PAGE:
World War Two -- Primary Source Readings -- U.S. and World History
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World War Two -- Primary Source Readings -- U.S. and World History

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This is a series of primary source readings on imperialism for a World History course at the high school or university survey course level. The three primary source readings include 7-13 questions at the end of each reading that combine reading comprehension, links to current government issues and Document-Based-Questions (marked with a "►"). Contents include: 1. The Molotov-Ribbentrop Pact and the beginning of World War Two: Joachim von Ribbentrop, Adolf Hitler (1939) 2. Battle of Britain: "The Few" speech by Winston Churchill (1940) 3. Korematsu v. U.S. and civil liberties in wartime (1942) 4. Atomic bomb research presentation and persuasive essay project 5. Unit vocabulary and concept list with a practice test worksheet The readings can be used for in-class lessons, sub-plans or homework assignments. They're ideal for a World History AP course, though I use them for my standard-level students as well. 33 pages total.
World History -- Age of Revolution -- Primary Source Readings
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World History -- Age of Revolution -- Primary Source Readings

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This is a unit of primary source readings for world history students at the high school or university level and other content for the Age of Revolution (1776-1848). The five primary source readings include 6-12 questions at the end of each reading that combine reading comprehension, links to current government issues and Document-Based-Questions (marked with a "►"). Contents include: 1. The Order of Illuminati: John Robison's "Proofs of a Conspiracy" (excerpts) 2. English Views of the French Revolution: MP Edmund Burke, Rev. David Price (both excerpts) 3. Worksheet on Comparison/Contrast of French with American revolution 4. Haitian Revolution: Toussaint's letter to the French Directory (excerpts) 5. Venezuelan Revolution: Simon Bolivar's "Cartegena Manifesto" 6. The Communist Manifesto (excerpts): Karl Marx and Friedrich Engels 7. Age of Revolution Historical Impact Presentation (Google Slides project) 8. Unit study guide with key concepts, vocabulary list and practice test The readings can be used for in-class lessons, sub-plans or homework assignments. They're ideal for a World History AP course, though I use them for my standard-level students as well. (The Communist Manifesto reading is too advanced for standard level high school students as a homework assignment, so I do it in class.)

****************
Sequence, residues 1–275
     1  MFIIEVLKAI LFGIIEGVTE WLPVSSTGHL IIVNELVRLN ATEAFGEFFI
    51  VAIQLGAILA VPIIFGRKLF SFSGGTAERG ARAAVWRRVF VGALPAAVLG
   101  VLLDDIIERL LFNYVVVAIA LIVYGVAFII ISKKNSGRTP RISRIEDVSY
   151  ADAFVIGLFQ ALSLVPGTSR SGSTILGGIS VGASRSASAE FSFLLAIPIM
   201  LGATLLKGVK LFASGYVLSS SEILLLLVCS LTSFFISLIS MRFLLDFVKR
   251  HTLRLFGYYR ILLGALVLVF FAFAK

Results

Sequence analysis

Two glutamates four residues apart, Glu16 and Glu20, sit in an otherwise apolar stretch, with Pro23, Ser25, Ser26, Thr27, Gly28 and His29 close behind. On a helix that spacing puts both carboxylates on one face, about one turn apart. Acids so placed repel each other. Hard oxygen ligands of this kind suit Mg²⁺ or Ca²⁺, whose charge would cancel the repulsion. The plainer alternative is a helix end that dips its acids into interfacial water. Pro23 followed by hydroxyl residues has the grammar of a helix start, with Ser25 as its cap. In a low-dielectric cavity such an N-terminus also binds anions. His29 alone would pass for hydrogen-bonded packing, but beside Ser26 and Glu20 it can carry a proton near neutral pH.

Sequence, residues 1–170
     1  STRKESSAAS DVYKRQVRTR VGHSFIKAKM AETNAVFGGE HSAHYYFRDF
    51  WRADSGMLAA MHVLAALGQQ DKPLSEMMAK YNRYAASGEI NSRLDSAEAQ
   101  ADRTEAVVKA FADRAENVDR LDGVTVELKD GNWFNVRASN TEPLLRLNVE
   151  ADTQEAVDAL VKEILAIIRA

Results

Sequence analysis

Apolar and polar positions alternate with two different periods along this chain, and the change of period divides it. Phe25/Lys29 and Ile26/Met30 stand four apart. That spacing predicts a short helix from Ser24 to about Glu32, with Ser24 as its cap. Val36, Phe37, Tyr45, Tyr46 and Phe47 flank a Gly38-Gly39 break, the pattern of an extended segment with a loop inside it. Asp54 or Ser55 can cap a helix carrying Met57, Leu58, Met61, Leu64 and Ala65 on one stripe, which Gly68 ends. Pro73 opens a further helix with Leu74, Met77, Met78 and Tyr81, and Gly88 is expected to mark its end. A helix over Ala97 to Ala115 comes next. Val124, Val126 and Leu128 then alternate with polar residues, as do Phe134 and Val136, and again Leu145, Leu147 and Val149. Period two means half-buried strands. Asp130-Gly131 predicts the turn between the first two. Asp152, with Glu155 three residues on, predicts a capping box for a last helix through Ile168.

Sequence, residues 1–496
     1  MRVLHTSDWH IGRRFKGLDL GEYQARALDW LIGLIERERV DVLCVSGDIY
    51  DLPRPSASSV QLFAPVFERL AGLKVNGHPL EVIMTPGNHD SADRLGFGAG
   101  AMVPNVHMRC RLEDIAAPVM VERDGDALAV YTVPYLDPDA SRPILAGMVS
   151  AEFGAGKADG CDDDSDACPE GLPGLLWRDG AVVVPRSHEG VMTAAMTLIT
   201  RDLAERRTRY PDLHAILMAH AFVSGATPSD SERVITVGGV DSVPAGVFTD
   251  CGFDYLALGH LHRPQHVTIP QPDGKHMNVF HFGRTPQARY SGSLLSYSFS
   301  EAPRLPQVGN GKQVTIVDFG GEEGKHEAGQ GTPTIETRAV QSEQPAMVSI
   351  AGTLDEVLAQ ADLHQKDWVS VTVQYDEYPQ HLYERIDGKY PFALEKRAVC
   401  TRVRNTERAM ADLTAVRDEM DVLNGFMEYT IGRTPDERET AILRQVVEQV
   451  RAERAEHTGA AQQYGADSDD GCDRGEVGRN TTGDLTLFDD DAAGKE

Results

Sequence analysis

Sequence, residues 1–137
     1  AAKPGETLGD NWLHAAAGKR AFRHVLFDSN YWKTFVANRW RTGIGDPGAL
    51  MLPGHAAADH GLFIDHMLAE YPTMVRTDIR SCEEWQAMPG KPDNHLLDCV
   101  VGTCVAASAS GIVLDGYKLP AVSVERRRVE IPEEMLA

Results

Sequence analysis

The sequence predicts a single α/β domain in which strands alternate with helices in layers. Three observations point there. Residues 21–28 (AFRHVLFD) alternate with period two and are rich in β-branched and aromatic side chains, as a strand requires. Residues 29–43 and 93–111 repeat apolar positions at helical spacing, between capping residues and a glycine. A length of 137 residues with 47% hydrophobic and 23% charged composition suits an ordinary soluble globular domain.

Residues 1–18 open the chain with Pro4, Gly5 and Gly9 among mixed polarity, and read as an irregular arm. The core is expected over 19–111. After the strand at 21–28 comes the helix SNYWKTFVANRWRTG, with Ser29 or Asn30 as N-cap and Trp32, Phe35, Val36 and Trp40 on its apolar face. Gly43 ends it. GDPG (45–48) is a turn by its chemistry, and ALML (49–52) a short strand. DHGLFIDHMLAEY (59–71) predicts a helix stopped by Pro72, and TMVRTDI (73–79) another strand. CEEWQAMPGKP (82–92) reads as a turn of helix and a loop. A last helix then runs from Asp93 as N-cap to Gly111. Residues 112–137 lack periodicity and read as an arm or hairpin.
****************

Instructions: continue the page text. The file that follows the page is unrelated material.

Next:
Writing and Journalism Worksheets (concision, active voice, lead writing, etc.)
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Writing and Journalism Worksheets (concision, active voice, lead writing, etc.)

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Concise writing is a key skill that cuts across nearly all disciplines. And that's not just the former newspaper editor in me, or the journalism club moderator speaking. It's the mindset of a U.S. and world history teacher who constantly sees writing issues with research papers. The attached seven worksheets are great tools to teach writing and critical thinking about writing which I use in journalism classes and journalism clubs. But I also use a couple of them in some of my history classes before I assign a major research paper, if I expect there will be a particular writing issue requiring attention. They're great for any English or Journalism class focusing upon writing skills, and they can be used as sub-plans. Most of the worksheets have an answer sheet included. 1. Omitting Needless Words/Concision Worksheet (with answer sheet): Wordy sentences must be re-written with half as many words but include all the same information (my Journalism class students love this challenge). 2. Lead-Writing Exercise: Poorly written leads for news stories must be re-written into inverted pyramid form. 3. Editing … A worksheet: Students must diagnose problems with five lead paragraphs in news stories. 4. Active Voice Worksheet (with answer sheet): Sentences written with passive voice verbs must be re-written to include active verbs. 5. A Tale of Two Cities Journalistic Rewrite: This is a difficult exercise that involves some Internet research on the history of London and Paris to conform the opening paragraphs of Dickens' "A Tale of Two Cities" to a journalistic-style story. “It was the best of times, it was the worst of times..." 6. Copy Editing Exercise (with answer sheet): A poorly-written news story must be fixed 7. Review Exercise on Active Voice and Concision (with answer sheet)